by Kyle Sweet, The Sanctuary Golf Club, Florida Master Naturalist
Four Keys to ID
Size and Shape – Small, plump sandpipers with a stout bill about the same length as the head. Often called “peeps”
Color Pattern – Very pale overall during the winter months with light gray above and white below with a blackish mark at the shoulder. In the summer they are black, white and rufous on the head, neck and back.
Habitat – They forage on beaches and mudflats in the winter and during migration nest in the high arctic on gravel patches and in low growing wet vegetation.
Behavior – Migrate south from the high arctic tundra to become one of the most common birds along the beaches of the United States. They perform a “wave chase” running back and forth probing the wet sands along the shoreline for marine invertebrates.
The Sanderling is a Sandpiper as is found all along the coastline of the United States throughout the fall and winter months. It is one of the world’s most widespread shorebirds, able to be found on nearly all temperate and tropical sandy beaches throughout the world.
Sanderlings breed in the high Arctic Canadian islands and peninsulas. They have a wide range of nesting sites that include moist vegetated sites to well-drained clay or gravel slopes.
The diet of the Sanderling consists of small crabs, small crustaceans, polychaete worms and mollusks during the fall and winter months when they are inhabiting coastal shorelines. During the summer months, when in a different habitat, they feed on crane flies, midges, mosquitoes, beetles, butterflies and moths that they catch in the air or skim from shallow water pools. Additionally, they will eat all types of plant material when animal prey is not available.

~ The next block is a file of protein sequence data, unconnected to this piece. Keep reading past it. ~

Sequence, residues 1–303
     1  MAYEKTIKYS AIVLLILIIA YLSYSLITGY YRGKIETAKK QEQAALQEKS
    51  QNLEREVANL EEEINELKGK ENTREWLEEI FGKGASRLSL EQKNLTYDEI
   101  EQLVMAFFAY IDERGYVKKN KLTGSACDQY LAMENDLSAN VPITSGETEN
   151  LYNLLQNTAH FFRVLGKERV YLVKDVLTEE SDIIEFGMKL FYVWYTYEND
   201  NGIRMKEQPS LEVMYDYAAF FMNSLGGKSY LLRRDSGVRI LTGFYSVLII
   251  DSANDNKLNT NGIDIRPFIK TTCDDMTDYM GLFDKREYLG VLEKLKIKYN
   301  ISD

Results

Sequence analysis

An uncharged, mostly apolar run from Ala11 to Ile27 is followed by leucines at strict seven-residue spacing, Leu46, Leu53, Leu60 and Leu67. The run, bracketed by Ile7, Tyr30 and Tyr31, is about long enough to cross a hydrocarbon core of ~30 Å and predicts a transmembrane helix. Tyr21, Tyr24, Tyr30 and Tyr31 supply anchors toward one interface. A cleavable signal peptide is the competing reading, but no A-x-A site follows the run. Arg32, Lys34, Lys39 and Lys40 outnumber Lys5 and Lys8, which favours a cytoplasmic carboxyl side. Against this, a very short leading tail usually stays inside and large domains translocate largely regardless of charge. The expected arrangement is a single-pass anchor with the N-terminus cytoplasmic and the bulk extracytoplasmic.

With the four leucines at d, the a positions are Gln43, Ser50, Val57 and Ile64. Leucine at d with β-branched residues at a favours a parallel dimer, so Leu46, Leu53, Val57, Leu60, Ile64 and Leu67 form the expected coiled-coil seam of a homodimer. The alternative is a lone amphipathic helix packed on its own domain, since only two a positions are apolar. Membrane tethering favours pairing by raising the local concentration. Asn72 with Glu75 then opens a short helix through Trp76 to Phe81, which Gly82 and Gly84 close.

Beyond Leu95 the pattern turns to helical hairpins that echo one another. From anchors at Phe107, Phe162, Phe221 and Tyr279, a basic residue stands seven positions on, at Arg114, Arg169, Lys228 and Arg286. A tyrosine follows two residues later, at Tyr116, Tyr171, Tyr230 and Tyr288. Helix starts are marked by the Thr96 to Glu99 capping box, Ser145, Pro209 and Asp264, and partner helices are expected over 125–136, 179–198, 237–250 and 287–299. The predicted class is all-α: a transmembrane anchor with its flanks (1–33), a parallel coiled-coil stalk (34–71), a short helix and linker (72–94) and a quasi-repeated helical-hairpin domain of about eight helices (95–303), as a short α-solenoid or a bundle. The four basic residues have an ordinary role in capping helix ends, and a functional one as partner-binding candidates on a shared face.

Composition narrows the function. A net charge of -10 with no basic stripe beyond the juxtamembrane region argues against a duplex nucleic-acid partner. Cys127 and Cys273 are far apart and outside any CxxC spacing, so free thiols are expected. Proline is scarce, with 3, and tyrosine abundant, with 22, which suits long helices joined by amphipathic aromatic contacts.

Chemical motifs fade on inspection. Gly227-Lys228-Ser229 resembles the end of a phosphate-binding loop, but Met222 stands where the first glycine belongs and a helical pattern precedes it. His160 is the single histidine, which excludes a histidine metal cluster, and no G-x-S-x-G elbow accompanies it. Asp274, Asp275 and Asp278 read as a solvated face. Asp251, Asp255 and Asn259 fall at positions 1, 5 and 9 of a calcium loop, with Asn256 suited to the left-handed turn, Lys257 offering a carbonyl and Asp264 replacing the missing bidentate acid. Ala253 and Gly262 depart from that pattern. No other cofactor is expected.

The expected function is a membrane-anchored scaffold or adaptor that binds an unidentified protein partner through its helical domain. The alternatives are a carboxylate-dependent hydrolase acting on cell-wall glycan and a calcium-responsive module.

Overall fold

Measuring only a few inches wide, the female builds the nest which consists of forming a shallow, cup shaped hollow in the stony ground of the Tundra. Once formed, the depression is often lined with leaves, lichens and moss. The pair has one brood annually consisting of 3-4 green to brown eggs with brown spots. Mostly monogamous, they establish large territories when nesting and chase intruders away from their territory.
Sanderlings will be seen in Florida throughout the winter months. This quick moving, “wave chasing” small sandpiper can be seen roosting on our island beaches in closely packed flocks as photographed. These flocks can have up to several thousand birds standing against the wind. Peregrine Falcons are a predator of this small shorebird and in a group, if threatened by such a predator, Sanderlings take flight and form a ball that travel erratically over the ocean.
Although Sanderlings are one of the most common shorebirds, their populations have been declining and they are listed as a species of high concern by some authorities. Declines may be linked to development or alteration of shoreline habitats which are prized by Sanderlings for survival and by humans for recreation. They are also highly vulnerable to pollution. Lastly, their long distance migrations can pose another problem if staging areas along their route have been impacted by development or degraded in any way. These “food stops” are critical for the survival of the birds during migration.
Without a doubt, this is the time of the year for us to see Sanderlings in Southwest Florida. As with any shorebirds, please observe from a distance and strive to not disturb the birds into flight. These Sandpiper “peeps” are a favorite to watch and a sure sign of the season on our island beaches.